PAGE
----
The central question revolves around what happens as the world geopolitical tectonic plates continue to shift. Korea did not join America’s boycott of the Winter Olympics, nor has it joined in any of Washington’s anti-China initiatives. But Yoon, who remains the frontrunner to become president in next month’s election, is urging his country to “take a side” – America’s, of course – something that would put Seoul on a collision course with Beijing in the future. It would then become something much more serious, and potentially much more damaging, than a row over dresses and pickled cabbage.
We don’t see Italians complaining about Americans using pizza, or Irish, Scottish, English and Welsh people all fighting over the definition of an ‘English/Scottish/Irish/Welsh Breakfast’. Yet, in Asia, cultural conflict stands as a projection of political insecurities.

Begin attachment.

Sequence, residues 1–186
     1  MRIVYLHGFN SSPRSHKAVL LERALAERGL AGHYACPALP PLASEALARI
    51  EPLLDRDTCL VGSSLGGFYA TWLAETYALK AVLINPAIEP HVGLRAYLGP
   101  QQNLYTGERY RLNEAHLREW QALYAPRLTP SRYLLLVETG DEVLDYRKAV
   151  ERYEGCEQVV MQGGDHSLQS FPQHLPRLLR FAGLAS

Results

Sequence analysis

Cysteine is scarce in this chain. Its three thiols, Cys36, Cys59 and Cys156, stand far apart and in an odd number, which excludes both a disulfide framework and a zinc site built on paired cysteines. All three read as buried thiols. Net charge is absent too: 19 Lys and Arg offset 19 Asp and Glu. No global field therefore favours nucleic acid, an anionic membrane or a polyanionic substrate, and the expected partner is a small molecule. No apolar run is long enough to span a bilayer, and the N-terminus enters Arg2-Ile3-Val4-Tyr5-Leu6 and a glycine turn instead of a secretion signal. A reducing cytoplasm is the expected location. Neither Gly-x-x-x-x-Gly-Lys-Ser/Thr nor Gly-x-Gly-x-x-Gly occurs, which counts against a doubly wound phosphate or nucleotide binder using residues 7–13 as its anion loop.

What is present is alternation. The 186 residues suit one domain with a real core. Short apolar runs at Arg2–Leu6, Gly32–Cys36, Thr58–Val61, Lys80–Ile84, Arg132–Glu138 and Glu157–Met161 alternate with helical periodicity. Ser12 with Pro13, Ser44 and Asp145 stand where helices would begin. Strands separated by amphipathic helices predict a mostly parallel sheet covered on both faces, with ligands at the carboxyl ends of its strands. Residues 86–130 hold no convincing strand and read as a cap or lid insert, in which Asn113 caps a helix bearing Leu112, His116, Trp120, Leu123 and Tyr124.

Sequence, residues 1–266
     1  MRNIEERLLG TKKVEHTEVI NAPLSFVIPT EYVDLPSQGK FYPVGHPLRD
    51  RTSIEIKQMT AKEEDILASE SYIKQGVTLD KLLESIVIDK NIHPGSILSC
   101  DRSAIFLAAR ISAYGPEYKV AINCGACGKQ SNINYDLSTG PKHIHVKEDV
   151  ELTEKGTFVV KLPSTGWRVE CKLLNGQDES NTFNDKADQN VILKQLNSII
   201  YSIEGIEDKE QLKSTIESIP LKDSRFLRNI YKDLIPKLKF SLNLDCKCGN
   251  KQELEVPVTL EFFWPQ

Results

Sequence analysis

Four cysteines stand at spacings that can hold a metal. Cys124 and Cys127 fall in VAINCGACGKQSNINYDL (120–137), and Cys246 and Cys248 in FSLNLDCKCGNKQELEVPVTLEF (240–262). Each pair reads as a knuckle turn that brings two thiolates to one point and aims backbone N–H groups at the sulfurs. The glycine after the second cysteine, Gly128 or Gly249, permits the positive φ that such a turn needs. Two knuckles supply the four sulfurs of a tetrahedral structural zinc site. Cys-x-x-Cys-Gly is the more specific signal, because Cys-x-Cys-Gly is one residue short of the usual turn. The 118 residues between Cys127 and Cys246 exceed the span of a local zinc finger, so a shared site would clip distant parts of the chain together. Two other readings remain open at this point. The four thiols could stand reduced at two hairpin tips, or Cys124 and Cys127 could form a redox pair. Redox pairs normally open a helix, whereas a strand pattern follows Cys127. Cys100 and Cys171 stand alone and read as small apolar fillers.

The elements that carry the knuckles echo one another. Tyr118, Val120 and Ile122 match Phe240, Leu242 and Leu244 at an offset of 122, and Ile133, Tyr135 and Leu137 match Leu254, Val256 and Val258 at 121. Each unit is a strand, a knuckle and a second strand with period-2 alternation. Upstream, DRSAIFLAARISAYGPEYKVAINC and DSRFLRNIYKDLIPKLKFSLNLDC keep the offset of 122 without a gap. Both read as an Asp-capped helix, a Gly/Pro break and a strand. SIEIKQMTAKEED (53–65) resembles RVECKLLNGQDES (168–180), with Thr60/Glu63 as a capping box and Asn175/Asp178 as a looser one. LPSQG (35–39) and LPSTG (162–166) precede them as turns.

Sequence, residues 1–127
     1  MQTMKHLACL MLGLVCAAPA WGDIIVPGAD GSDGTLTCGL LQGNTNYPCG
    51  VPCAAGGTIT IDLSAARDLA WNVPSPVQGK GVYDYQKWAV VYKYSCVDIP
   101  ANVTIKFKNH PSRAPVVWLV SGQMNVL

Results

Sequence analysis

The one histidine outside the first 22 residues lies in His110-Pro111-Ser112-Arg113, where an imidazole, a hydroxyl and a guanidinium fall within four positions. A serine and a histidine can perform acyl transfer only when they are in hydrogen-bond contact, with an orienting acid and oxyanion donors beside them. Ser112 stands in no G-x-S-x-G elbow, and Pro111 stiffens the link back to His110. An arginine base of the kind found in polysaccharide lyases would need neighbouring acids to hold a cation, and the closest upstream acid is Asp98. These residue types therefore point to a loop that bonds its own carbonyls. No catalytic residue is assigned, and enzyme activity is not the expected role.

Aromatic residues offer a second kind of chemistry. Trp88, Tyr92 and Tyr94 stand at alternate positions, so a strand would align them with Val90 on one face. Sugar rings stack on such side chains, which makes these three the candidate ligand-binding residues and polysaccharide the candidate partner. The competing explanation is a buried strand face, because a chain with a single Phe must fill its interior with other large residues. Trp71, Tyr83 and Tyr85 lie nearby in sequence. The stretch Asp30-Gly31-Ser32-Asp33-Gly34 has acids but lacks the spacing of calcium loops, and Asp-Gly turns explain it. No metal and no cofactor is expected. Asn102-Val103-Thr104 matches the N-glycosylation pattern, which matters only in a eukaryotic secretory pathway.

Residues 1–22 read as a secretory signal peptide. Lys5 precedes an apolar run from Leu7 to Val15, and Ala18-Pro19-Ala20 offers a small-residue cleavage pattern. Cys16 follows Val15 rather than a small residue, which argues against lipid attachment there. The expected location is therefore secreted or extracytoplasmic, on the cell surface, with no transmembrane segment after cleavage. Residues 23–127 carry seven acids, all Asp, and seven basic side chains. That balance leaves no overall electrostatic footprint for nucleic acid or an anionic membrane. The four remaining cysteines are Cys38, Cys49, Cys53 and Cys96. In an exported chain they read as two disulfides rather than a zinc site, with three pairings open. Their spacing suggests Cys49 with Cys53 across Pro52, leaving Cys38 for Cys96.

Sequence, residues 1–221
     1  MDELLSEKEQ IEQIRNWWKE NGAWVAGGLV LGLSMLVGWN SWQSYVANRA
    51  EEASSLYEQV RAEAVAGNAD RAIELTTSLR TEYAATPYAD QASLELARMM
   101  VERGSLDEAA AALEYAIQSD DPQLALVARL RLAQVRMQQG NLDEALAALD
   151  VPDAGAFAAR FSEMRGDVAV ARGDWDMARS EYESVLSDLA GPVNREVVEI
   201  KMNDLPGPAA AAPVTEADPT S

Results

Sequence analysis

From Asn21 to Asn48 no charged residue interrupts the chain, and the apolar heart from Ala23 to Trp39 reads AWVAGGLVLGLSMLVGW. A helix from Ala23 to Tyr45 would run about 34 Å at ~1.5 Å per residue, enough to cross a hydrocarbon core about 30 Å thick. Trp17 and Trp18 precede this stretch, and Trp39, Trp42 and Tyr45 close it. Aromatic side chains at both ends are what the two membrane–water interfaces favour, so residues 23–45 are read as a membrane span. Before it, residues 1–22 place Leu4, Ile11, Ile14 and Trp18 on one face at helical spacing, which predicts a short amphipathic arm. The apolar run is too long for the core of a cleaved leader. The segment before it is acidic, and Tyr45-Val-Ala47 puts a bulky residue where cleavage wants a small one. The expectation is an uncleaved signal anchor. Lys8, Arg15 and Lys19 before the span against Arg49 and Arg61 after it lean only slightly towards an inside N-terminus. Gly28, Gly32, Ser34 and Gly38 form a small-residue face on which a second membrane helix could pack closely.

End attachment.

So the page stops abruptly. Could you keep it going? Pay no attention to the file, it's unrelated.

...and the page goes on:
The Korean insistence upon cultural absolutism reflects a lack of confidence, in a continent whose post-war history has been fractured by political division and unresolved conflict, as opposed to the fostered unity and reconciliation in Europe. South Korea has forged its own footing in the world and become proud of itself, but ultimately faces a looming difficult choice: will it look to its east, or to the west?